I spent the last couple of nights putting together a simple Markdown to PDF formatter using Tomas Petricek’s FSharp.Formatting project and the PdfSharp-MigraDoc library.
To use this library, you can either grab the source from the GitHub repository or get it from Nuget using the following command:
To use the library from F#, you can use the Markdown type defined in the FSharp.Markdown namespace (from the FSharp.Formating library), once you’ve opened the FSharp.Markdown.Pdf namespace you’ll have access to two static extension methods:
- TransformPdf – accepts a string as input and outputs the resulting PDF to a local file path or to a specified Stream.
- WritePdf – accepts a MarkdownDocument generated by the Markdown.Parse method, and outputs the resulting PDF to a local file path or to a specified Stream.
You can also use this library from C#, however, the static extension methods mentioned above is not accessible in C# because type extensions defined in F# are compiled differently to standard extension methods you find in C# (with far more possibilities I might add, such as extension properties, and static methods, for instance!) and is not recognized by the C# compiler..
You can still access the same functionalities using a MarkdownPdf type, with two static methods:
- Transform – equivalent to Markdown.TransformPdf.
- Write – equivalent to Markdown.WritePdf.
You can see an example output here with the corresponding Markdown here.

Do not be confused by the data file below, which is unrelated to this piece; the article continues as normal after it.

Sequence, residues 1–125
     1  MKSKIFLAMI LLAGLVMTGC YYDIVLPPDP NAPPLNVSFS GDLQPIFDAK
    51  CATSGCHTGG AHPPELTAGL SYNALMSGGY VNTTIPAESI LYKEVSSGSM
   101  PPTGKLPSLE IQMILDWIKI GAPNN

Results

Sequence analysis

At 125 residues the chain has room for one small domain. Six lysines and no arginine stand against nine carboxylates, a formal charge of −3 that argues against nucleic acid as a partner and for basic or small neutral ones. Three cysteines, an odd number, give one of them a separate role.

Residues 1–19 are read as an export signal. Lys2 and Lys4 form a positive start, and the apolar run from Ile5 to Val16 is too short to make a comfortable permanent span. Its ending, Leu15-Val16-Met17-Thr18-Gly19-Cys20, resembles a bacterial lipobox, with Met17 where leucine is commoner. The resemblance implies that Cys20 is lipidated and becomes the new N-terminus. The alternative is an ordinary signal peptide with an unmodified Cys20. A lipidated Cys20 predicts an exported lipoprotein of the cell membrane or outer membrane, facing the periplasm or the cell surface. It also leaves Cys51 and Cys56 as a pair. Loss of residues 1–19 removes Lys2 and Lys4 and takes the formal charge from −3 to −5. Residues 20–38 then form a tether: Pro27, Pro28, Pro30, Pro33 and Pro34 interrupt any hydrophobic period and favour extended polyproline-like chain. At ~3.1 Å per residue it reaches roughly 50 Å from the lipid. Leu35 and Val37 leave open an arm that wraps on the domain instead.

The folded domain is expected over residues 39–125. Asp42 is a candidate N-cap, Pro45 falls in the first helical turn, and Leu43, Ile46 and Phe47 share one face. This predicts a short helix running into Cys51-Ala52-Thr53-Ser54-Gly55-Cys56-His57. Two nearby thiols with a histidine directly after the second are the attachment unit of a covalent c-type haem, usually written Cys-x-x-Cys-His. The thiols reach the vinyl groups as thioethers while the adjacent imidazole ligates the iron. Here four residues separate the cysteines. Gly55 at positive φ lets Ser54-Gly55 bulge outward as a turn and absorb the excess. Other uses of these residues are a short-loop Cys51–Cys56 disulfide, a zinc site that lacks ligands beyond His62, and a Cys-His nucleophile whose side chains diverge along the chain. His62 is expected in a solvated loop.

After a long Easter holiday filled with late night coding sessions I find myself wide awake at 2am… good job I’ve still got my pluralsight subscription and a quick look at the Algorithms and Data Structures course again at least gave me something to do to relax the mind with some back-to-school style implementation of common sorting algorithms in F#:
Whilst not the most performant implementations I’m sure, I hope at least it goes to show how easily and concisely these simple algorithms can be expressed in F#! Now back to that sleep thing…
This is a F# implementation of the fast algorithm to count the number of inversions in an array, outlined in the Algorithms : Design and Analysis Part 1 course on Coursera.
Here’s a simple F# implementation of the merge sort algorithm (using mutable arrays) outlined in the Algorithms : Design and Analysis Part 1 course on Coursera.
So refreshing to be writing simple sorting algorithms years after university, still fun!
With the official release of .Net 4.5 and Visual Studio 2012, I suspect many .Net developers will be rushing to rewrite their data access or network layers (amongst many many other things!) to take advantage of the new async-await (see the excellent 101 examples here) language feature in C#, which means you’ll likely be working with the Task and Task<T> type an awful lot.
If you have F# code that needs to interop with C# that returns or awaits some task types then you’ve probably already come across the Async.StartAsTask<T> and Async.AwaitTask<T> methods for converting between F#’s Async<T> and Task<T> types. Curiously, there are no equivalent methods on the Async class for converting between Async<unit> and Task types.
So, to fill in the gaps ourselves, here are two simple functions to do just that: